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The Hardware Saga Continues... | Print |
Written by Akiba   
Tuesday, 14 July 2009

Well, I warned everyone that the FreakZ project is now entering a hardware phase so don't be surprised if you hear about hardware for the next couple of weeks ;)

Anyways, I got the MCU board up and running and everything was working as it should. It actually came up very quickly because it's the same MCU as the Raven boards. Hence the MCU initialization and the USB interface is mostly the same. After I verified the MCU was okay, then I started working on getting a radio board to match it up with. The first radio board will be using the AT86RF230 of course. It's the same radio as the Atmel Ravens and will serve as a good reality check. In case there's anything wrong with my system, I can always compare it to the Raven since the hardware is essentially the same. 

I spent most of the weekend working with my CNC machine to optimize its settings. It's been about six months since I last used it, and back then, I felt really rushed to get things up and running so I could get back to the project. This time, I decided to spend more time with it and really learn how to use it well. It's like an instrument, where it can do what you want it to do, but only if you know how to use it correctly. So I was trying out different bits like V-cutters at 30, 45, 60, and 90 degrees and different size end mills. I finally settled on some tools that worked out well for me and gave me the best results.

The CNC software was also recently upgraded, and I purchased the Pro version of the software which will allow me to cut solder paste masks and import DXF (CAD) files. This is going to come in really handy since I'll be making a lot of boards soon, both for the Tokyo Hackerspace as well as the FreakZ project. The CAD import is a nice feature because I can design front panels and mill them in my machine. Previously, the CNC's software could only handle PCBs and some simple engraving. 

After I got familiar with the new software and tried out a bunch of features, I decided to rig some tooling for the CNC to help in aligning my work pieces so that both top and bottom layers align correctly when you need to flip the work piece over. One big issue with people that do homebrew PCBs using etching is that it's very difficult to align top and bottom layers. With the CNC, I could precisely drill registration holes that I could use to align the PCBs and they would be accurate to within a couple hundred microns. 

So anyways, that's pretty much why I've been quiet recently. Although it's great to learn how to use the CNC efficiently, it's just not interesting enough to blog about. Or at least I don't think that people that follow this blog would be interested in me comparing annular ring sizes with respect to different drill bits. 

Well, that's about it. I left out all the boring details and thought I'd just post a couple pics of the finished radio board. It seems like every PCB I'm posting lately has no solder mask. With RF components being 0402 are smaller, soldering them down is a real bitch. The worst was the balun which is basically an array of 0201 components. While I was squinting and trying to attach it to the board, I kept on thinking how I'd be better off trying to solder individual specks of coffee grounds to the damn thing...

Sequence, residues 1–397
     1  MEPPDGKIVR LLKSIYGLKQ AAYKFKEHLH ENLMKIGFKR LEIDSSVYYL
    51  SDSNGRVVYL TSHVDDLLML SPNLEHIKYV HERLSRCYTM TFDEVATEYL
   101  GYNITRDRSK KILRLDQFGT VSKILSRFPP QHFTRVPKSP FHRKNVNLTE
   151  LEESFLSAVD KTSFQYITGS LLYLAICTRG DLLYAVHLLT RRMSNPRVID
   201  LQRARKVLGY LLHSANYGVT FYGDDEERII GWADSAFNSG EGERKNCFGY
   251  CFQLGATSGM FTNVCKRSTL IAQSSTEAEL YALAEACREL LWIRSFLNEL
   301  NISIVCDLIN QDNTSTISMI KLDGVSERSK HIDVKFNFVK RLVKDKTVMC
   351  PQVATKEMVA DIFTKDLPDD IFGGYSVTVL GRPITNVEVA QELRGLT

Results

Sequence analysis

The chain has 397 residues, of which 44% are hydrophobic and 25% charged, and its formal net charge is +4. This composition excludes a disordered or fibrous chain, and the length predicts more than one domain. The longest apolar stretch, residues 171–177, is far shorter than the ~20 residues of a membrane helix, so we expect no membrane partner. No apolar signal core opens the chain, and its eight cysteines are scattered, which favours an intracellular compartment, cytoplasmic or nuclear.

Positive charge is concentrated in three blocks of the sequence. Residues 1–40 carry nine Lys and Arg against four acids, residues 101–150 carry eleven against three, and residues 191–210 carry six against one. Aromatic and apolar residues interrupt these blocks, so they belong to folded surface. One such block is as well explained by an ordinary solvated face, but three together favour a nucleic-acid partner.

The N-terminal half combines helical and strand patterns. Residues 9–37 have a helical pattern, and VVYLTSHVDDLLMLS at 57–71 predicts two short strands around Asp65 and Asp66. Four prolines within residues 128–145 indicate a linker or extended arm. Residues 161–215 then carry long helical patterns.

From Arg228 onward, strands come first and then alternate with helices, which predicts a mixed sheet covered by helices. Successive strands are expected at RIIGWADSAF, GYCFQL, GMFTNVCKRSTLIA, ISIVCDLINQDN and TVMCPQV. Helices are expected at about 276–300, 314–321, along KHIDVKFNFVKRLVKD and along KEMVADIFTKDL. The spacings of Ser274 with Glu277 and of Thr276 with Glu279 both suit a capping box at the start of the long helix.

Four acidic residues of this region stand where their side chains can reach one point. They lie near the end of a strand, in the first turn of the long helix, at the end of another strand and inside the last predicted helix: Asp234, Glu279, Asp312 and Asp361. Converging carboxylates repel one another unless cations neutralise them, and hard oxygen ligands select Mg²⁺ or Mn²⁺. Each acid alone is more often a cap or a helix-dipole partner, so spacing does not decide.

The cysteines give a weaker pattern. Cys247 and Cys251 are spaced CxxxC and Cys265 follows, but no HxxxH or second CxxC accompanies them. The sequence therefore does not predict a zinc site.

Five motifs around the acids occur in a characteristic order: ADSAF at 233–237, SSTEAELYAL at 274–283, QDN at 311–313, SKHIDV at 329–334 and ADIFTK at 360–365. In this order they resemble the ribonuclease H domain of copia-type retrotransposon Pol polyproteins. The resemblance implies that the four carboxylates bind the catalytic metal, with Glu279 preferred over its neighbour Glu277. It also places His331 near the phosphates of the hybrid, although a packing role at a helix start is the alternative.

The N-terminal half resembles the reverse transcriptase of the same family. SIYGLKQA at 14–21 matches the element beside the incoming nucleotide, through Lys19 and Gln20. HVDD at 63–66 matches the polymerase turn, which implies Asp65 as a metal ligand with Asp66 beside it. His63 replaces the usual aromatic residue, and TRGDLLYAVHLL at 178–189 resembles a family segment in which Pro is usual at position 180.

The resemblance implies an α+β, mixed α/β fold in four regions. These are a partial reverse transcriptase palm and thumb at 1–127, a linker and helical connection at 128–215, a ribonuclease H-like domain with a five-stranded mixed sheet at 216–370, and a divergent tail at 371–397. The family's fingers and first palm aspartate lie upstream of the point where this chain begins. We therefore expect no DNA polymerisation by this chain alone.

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written by Kevin, July 14, 2009
That seriously couldn't have been fun to solder. smilies/wink.gif Unless I really need something right away, I rarely use my CNC Mill for PCBs simply because it's just so much easier with the solder mask on a commercially made board. If I can figure out the magic formula to get my mill to cut solder paste stencils, though, I think it will see pretty steady use. The problem is that my spindle is way too high speed to cut through a lot of metals, even soft ones like brass, copper or aluminum. It's fine for removing a very fine layer of copper like on FR4, but to actually cut through 0.10" of aluminum it seems I really need to slow it down a lot. The V-bits don't seem great for this either, and you need a real endmill, but at 0.20mm they're both expensive and very fragile. smilies/sad.gif

Kevin.
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written by Akiba, July 18, 2009
Actually, I keep my spindle speed at 60,000 rpm and use a 7-mil stub end mill to carve the traces and pads. It seems to work quite well at that high of a speed. If you use it on acrylic, though, it's gonna melt and stick to the bit.
The toughest part is the soldering, but with so much practice recently, I'm getting a much better intuition for how to approach tough areas.
I also much prefer commercial boards with a solder mask since they're soooo much easier to work with. However when you're doing RF, a lot of unknowns can suddenly jump out at you. For Zigbee/802.15.4, it's lucky that you're not working on wideband frequencies and can just focus on 2400-2500 MHz. However simulators and calculations are never enough. A lot of trial and error is involved if you want to get good impedance matching (ie: high (negative) return loss values).
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